Sir Michael Bichard, whose enquiry into the Soham murders led to the creation of the Independent Safeguarding Authority (ISA) has spoken out against what it’s fast becoming:
Sir Michael said there were a number of issues with the scheme which “need to be looked at again” and that “there will always be situations where you could argue that the line has been drawn in the wrong place”.
The Government estimates that 11.3 million people – almost 20 per cent of the population – will have to register within five years. Sir Michael said that the figure was “astonishing” and “surprising” but was irrelevant as long as children were protected. In 2004, his report into child protection made recommendations including that a registration scheme be introduced for those wishing to work with children or vulnerable adults.
Yesterday, he said the system he had examined in 2004 had been “a mess” and he believed the UK was moving towards a “much better” scheme under which tutors, sports coaches and other people with access to children would have to be registered. But he warned: “What I didn’t want was a disproportionate response. I made it very clear that I didn’t want parents to have to check relatives before they could put their children in their care for babysitting and things like that.
“We must have proportionate arrangements. We mustn’t over-react.”
I’ll repeat a comment I added to an earlier thread: why the Bichard enquiry and the child protection industry which embraced it’s findings so wholeheartedly afterwards weren’t required to read Foucault or Weber is beyond me. In a society dominated by rationalisation and increasingly ordered by bureaucracies in the misguided belief in the benefits they bring, the ISA was always destined to be a monster. ‘We mustn’t overreact?’ What exactly did he expect, when the starting point of the agency was to presume universal guilt until innocence could be proven?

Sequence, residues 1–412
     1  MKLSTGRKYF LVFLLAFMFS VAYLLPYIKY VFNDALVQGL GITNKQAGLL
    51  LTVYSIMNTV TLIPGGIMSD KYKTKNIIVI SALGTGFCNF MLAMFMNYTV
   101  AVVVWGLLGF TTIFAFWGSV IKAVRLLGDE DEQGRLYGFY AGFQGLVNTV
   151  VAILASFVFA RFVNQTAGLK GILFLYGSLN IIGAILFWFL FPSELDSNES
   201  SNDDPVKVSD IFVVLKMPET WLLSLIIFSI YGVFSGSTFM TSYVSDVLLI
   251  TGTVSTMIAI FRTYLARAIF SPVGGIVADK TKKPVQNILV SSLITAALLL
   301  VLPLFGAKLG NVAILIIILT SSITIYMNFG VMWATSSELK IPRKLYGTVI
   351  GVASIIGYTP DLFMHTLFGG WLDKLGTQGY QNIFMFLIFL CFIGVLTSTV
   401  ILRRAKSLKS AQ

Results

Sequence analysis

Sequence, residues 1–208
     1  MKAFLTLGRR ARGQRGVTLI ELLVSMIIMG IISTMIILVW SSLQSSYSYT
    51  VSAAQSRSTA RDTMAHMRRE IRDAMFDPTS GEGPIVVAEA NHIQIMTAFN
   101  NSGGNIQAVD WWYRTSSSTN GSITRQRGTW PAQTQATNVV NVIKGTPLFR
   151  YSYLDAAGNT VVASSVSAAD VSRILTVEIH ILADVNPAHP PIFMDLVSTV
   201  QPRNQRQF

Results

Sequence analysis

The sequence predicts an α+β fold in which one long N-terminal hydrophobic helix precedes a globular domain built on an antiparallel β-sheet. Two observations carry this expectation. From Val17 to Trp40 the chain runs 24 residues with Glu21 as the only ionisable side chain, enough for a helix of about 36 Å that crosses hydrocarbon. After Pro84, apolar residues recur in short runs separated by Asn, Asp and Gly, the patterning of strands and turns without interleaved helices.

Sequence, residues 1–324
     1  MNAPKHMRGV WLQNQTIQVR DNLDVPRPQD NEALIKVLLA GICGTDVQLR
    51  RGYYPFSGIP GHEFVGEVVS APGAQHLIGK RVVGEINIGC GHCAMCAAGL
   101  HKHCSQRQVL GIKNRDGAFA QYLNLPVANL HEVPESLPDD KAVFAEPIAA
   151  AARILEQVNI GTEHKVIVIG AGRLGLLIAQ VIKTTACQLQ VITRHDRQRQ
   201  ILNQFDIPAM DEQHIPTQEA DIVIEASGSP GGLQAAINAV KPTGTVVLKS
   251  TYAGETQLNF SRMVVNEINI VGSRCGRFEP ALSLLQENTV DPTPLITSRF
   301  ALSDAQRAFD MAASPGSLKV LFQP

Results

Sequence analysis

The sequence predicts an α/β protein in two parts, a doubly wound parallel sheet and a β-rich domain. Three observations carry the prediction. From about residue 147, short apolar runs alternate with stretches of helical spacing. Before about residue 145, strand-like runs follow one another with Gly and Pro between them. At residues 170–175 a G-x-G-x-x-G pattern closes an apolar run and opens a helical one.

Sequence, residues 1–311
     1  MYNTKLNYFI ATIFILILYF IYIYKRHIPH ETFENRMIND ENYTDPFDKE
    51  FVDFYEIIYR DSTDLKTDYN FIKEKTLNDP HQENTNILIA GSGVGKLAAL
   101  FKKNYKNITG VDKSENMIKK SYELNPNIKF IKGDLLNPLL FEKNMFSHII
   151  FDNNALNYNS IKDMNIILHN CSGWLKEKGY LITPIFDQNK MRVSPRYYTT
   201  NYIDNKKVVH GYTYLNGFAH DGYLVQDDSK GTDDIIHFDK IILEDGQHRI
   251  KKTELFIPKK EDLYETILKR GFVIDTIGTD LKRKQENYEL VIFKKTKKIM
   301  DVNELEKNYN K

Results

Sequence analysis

He brings up the comparison with Roger Federer and drugs testing, that noone assumes Federer is a cheat because he has to undergo doping tests alongside his peers. But it’s a meaningless comparison and sadly displays the depth of his ignorance. It’s true that noone assumes he’s a cheat, but that’s sort of the point – drugs testing is not done with a starting presumption of universal guilt; the same cannot be said of the ISA. Through this ridiculous expectation of universal guilt (which ensures that the real abusers remain hidden – they don’t appear on tick boxes after all), the Independent Safeguarding Authority has already caused significant damage to many people’s lives, and hasn’t led to any demonstrable ‘safeguarding’ at all. Bichard though seems to think that’s fine ‘as long as children are protected’ – it strikes me that he’s the real monster here.
The Independent Safeguarding Authority must be abolished.